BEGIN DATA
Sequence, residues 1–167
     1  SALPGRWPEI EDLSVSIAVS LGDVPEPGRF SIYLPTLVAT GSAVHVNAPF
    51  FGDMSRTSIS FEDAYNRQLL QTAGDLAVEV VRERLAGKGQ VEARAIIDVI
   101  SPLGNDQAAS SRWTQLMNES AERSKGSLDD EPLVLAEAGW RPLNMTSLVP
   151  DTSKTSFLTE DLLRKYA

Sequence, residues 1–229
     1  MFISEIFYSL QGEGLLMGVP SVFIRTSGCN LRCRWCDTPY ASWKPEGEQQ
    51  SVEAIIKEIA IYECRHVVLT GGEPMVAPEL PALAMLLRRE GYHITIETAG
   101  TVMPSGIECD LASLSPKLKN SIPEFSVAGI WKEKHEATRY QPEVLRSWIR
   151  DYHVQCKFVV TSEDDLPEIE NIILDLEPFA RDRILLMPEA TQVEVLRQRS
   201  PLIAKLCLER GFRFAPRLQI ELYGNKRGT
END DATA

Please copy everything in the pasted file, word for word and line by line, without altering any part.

Sequence, residues 1–167
     1  SALPGRWPEI EDLSVSIAVS LGDVPEPGRF SIYLPTLVAT GSAVHVNAPF
    51  FGDMSRTSIS FEDAYNRQLL QTAGDLAVEV VRERLAGKGQ VEARAIIDVI
   101  SPLGNDQAAS SRWTQLMNES AERSKGSLDD EPLVLAEAGW RPLNMTSLVP
   151  DTSKTSFLTE DLLRKYA

Sequence, residues 1–229
     1  MFISEIFYSL QGEGLLMGVP SVFIRTSGCN LRCRWCDTPY ASWKPEGEQQ
    51  SVEAIIKEIA IYECRHVVLT GGEPMVAPEL PALAMLLRRE GYHITIETAG
   101  TVMPSGIECD LASLSPKLKN SIPEFSVAGI WKEKHEATRY QPEVLRSWIR
   151  DYHVQCKFVV TSEDDLPEIE NIILDLEPFA RDRILLMPEA TQVEVLRQRS
   201  PLIAKLCLER GFRFAPRLQI ELYGNKRGT